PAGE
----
The Rebirth of an Old Tradition at Sea

Base Info
BM2 John Burnett and QMSN Alexander Johnson of the USS SHILOH display the pig stick.
BM2 John Burnett and QMSN Alexander Johnson of the USS SHILOH display the pig stick.

The Rebirth of an Old Tradition at Sea

by: ENS Clayton T. Dietz | .
USS Shiloh | .
published: May 30, 2016

YOKOSUKA, JAPAN - Crew members assigned to the Ticonderoga class guided-missile cruiser USS SHILOH (CG 67) have resurrected an old tradition. Through the combined efforts of several of her sailors, the ship now has a new “pig stick.” This stick, which will be used to carry the ship’s commissioning pennant, will be ceremonially passed down from each successive commanding officer.

Chief Quartermaster (QMC) Chauncey McWilliams of Monroe, Louisiana, took part in its creation, and enthusiastically describes the pig stick’s history and construction. When connected to a yardarm, it displays the commissioning pennant above the top of the halyard and above the mast, allowing the pennant to be seen from every direction. It is essentially a small flagstaff which is raised above the mast. In the US Navy, during a change of command ceremony, the off-going commanding officer has his pennant lowered from the mast by the signalman of the watch. Then after being relieved by the on-coming commanding officer, the on-coming captain’s pennant would be raised with the ceremonial pig stick.

Until recently, the ship’s commissioning pennant has been flown directly from the gaff, which is not in accordance with Navy tradition. Upon being questioned about what was missing from the pennant by Captain Adam Aycock, Quartermaster Seaman (QMSN) Alexander Johnson of Dallas, Texas, took the lead on the creation of SHILOH’s first pig stick. Together with QMC McWilliams, he developed plans for how to make one. QMSN Johnson, using tools borrowed from the ship’s hull technicians (HT), carved out a suitable wood staff, cut it to length, sanded it, and added all of the hardware necessary to display it from the halyard and to connect the commissioning pennant. After working with the wood and tools, Johnson said, “It was a great experience, and I would like to take woodworking as a hobby.”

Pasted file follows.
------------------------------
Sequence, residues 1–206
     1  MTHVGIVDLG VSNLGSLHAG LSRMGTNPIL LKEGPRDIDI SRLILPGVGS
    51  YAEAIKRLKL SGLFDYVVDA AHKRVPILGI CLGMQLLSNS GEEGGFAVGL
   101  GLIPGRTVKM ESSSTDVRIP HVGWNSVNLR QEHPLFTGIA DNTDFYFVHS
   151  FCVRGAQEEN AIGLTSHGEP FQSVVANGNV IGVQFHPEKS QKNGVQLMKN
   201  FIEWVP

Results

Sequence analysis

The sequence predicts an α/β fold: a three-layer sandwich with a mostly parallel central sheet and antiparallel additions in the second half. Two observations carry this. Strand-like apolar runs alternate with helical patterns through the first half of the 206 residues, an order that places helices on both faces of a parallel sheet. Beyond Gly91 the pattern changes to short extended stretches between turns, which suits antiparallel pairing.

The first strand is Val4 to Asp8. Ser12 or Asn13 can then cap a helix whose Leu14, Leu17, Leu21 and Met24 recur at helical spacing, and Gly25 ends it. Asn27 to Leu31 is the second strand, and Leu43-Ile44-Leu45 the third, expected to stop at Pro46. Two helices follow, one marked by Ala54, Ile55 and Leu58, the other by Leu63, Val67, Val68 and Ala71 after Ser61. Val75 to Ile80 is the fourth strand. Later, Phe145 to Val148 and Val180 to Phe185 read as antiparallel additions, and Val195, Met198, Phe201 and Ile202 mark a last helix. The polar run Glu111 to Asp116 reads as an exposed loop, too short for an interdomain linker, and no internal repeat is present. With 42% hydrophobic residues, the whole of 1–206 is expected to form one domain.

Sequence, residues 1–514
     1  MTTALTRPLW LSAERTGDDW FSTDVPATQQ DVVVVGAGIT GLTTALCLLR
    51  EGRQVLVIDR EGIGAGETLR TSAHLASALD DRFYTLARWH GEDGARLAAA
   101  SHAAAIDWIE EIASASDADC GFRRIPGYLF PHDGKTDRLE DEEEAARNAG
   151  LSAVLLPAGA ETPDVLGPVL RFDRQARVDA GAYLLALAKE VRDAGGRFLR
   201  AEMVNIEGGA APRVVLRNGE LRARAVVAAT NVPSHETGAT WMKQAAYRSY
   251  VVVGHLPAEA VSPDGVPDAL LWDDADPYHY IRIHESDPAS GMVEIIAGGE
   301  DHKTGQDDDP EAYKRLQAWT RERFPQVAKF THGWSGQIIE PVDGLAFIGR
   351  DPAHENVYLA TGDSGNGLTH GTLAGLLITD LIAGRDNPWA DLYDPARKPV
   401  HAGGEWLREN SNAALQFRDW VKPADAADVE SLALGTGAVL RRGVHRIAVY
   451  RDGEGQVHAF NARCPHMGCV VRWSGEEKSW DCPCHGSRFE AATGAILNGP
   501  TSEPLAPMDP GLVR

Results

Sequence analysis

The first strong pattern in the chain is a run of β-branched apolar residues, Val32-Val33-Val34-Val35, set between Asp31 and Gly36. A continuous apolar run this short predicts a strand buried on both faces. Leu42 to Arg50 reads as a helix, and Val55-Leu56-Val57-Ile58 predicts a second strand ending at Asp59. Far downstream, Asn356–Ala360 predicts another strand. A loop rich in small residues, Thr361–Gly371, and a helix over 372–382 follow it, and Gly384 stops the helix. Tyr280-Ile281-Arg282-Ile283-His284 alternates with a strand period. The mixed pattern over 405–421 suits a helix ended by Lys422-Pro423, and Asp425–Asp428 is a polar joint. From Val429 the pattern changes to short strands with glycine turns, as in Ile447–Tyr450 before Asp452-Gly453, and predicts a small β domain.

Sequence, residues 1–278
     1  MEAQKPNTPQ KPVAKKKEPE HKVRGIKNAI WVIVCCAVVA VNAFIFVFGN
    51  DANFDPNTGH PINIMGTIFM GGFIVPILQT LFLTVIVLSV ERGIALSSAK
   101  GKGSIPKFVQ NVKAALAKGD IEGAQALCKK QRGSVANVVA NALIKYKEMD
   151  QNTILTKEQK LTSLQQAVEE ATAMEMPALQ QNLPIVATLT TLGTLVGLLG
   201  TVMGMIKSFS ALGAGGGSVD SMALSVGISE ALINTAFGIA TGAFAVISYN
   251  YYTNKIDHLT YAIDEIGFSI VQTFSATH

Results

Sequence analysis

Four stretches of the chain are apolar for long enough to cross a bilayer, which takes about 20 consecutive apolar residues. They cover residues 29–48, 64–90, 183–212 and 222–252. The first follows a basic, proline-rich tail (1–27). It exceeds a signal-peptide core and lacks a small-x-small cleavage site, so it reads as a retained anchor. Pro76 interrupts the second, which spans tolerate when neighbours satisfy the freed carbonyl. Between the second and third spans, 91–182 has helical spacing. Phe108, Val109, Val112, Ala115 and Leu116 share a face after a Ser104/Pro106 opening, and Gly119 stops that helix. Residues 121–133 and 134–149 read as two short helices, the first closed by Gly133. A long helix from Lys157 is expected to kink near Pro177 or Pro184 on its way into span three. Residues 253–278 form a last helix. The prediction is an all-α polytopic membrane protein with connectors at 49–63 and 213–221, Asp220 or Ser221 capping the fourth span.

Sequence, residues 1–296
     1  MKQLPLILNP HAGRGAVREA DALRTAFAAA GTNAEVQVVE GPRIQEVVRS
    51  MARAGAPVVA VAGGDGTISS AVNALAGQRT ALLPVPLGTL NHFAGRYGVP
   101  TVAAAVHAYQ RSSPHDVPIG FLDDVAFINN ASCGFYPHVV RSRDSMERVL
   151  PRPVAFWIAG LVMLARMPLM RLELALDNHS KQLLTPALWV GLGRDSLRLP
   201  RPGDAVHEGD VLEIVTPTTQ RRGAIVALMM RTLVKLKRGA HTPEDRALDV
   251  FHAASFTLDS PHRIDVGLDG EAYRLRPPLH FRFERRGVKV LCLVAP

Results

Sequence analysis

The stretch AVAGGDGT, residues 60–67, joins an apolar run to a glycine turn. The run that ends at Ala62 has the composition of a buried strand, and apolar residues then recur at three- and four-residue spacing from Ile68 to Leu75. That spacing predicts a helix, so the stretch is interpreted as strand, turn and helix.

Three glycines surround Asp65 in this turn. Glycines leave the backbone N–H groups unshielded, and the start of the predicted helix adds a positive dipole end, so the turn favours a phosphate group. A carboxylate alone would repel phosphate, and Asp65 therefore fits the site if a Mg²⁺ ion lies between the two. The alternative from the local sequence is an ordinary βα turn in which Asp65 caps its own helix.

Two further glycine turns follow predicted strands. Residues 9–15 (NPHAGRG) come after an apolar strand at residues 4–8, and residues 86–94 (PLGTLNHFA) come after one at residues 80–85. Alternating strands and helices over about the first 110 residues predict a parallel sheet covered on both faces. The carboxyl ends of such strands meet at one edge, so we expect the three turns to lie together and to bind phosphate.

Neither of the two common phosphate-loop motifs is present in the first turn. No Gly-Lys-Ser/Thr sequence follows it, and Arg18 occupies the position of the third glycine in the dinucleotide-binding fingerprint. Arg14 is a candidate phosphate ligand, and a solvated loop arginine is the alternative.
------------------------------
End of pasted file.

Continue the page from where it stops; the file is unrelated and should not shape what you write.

Something as important as the pig stick must be properly adorned, so QMSN Johnson approached Boatswain’s Mate Second Class (BM2) John Burnett of San Diego, California, and asked him to complete the fancywork. With the philosophy of “If you’re gonna do it, it might as well be the best,” Burnett began his work, which he completed over a period of two weeks during the March underway. He also used the opportunity to show other boatswains mates how to do their own fancywork. His personal favorite of the different patterns on the stick is the second one down from the pennant that is a very dense weave of tight knots because “it is the most intricate.”

When the completed pig stick was presented to Captain Aycock, he saw how good it was and, instead of having it flown, decided to keep it and start the tradition of passing it on to each successive commanding officer. Still wanting a pig stick which could be flown on a regular basis, QMSN Johnson, BM2 Burnett, and QMC McWilliams set out to make a second pig stick, which is still in production.

The effort put into the creation of the pig stick showcases the drive for excellence easily found among Sailors assigned to SHILOH, and it goes to support her motto of “Making Excellence a Tradition.” The level of teamwork and passion exhibited keeps SHILOH strong in her Dignity by showing to all that the crew does their best to keep with tradition while working hard. It shows their Determination by always improving themselves and their ship, and it displays their Honor to themselves in doing what is right to keep great traditions alive.

SHILOH is forward deployed in the 7th fleet area of operations in support of security and stability in the Indo-Asia-Pacific.

Tags: Yokosuka Naval Base, Base Info
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